3. Don’t drink the wine at charity benefits. I happen to attend quite a few of these events over the course of the year. The speeches can really drag on and it often seems the only recourse—short of heckling the speakers or hurling the centerpiece at the podium—is to drink copiously. Unfortunately the wine at these affairs is inevitably inexpensive—in the interest of keeping costs down and delivering more of the ticket price to the worthy cause in question—and almost inevitably lousy. Veterans of the benefit circuit are familiar with the particularly pernicious hangover that can result from swilling plonk for three and a half hours. For some reason the liquor is usually of a much higher caliber than the wine, so my new intention is to nurse a couple of vodka-and-sodas through the course of these evenings. Maybe three if the speeches are really long.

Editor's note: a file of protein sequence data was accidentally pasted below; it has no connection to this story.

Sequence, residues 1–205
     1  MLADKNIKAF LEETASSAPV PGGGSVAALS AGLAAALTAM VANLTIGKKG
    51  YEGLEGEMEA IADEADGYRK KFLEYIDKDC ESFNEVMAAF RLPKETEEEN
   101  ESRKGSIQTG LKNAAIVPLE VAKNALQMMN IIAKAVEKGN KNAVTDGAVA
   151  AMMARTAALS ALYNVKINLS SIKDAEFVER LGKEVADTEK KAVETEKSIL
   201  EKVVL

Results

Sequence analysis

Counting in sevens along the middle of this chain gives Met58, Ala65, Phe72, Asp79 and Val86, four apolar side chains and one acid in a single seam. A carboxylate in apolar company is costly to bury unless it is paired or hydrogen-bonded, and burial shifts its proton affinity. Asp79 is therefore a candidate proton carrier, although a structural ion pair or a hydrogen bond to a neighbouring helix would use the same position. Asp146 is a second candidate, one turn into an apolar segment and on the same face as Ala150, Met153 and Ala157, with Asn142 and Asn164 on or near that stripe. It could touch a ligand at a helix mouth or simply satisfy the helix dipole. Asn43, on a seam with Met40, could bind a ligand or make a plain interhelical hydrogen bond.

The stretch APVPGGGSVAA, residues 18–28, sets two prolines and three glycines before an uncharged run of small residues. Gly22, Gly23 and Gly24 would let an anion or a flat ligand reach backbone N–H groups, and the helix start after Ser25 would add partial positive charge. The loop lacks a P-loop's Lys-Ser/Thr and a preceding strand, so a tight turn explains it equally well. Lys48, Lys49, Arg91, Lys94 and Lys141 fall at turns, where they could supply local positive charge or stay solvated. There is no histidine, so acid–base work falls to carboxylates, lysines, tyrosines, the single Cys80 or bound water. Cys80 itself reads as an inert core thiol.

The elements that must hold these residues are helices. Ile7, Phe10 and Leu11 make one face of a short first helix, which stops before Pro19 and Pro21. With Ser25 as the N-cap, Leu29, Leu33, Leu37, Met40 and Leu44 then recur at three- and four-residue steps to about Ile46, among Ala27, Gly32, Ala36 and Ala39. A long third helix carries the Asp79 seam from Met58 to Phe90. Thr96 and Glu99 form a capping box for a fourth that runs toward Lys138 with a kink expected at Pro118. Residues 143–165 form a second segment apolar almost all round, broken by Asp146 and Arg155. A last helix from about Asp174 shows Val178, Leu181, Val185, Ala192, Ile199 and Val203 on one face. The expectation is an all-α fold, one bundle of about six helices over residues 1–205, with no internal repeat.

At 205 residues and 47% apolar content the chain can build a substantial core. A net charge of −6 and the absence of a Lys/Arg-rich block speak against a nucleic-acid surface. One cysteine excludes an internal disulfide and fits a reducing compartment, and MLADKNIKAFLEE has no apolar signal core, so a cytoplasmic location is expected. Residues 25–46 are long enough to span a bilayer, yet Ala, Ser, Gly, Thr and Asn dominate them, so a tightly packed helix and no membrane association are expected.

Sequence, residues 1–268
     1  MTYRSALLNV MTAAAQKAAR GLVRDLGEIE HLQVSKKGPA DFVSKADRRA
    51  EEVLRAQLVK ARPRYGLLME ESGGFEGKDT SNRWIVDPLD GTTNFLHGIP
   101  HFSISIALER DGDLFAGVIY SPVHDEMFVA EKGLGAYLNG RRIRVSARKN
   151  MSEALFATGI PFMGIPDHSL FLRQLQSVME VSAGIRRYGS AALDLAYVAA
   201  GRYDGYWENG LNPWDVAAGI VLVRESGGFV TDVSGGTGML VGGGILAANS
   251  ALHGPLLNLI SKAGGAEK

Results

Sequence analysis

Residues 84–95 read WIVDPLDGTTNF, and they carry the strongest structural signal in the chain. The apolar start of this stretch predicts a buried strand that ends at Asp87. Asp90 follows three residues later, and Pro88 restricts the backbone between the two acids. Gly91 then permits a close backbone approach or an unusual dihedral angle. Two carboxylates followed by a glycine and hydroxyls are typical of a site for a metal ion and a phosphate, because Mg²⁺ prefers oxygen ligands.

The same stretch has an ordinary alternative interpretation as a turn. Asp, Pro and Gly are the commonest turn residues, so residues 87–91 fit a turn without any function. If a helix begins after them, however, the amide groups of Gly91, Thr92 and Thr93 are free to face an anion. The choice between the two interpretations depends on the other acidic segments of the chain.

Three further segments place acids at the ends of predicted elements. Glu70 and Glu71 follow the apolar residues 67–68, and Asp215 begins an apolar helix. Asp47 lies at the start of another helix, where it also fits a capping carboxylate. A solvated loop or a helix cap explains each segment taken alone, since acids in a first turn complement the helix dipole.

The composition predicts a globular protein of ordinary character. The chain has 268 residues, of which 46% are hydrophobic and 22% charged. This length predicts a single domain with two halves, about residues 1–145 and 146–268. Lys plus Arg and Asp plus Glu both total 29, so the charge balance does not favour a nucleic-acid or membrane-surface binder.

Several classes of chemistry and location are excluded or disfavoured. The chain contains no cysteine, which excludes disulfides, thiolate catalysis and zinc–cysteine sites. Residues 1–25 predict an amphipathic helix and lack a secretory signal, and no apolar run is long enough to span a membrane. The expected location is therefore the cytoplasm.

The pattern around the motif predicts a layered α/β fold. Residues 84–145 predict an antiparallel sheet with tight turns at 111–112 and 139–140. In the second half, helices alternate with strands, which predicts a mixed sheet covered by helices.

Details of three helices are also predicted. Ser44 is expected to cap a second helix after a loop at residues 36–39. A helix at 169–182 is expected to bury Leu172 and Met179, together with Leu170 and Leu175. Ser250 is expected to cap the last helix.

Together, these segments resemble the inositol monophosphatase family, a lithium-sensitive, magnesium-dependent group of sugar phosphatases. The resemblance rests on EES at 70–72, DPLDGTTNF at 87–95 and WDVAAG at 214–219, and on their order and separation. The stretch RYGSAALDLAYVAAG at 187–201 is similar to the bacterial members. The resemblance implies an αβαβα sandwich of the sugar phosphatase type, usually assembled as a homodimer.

4. Drink more Chenin Blanc. Chenin from the Loire is one of the world’s least appreciated wines. (More on this subject next month.) If I experience a personal financial crisis, I will change this resolution to: Drink more Muscadet. Another Loire white, Muscadet is the best white wine value in the world.
5. More grower Champagne. The best thing to happen in Champagne since the restoration of the bombed-out Reims cathedral after the Armistice is the rise of the grower Champagne movement. More and more farmers who used to sell to the giant Champagne houses are vinifying their own grapes. The guru of the grower movement is Anselme Selosse, who studied in Burgundy and brought back to his father’s domain in Avize all kinds of new ideas, including the basic insight that everything begins in the vineyards. In Champagne, this was a radical idea—the big houses bought grapes in bulk from growers who had little incentive for meticulous viticulture.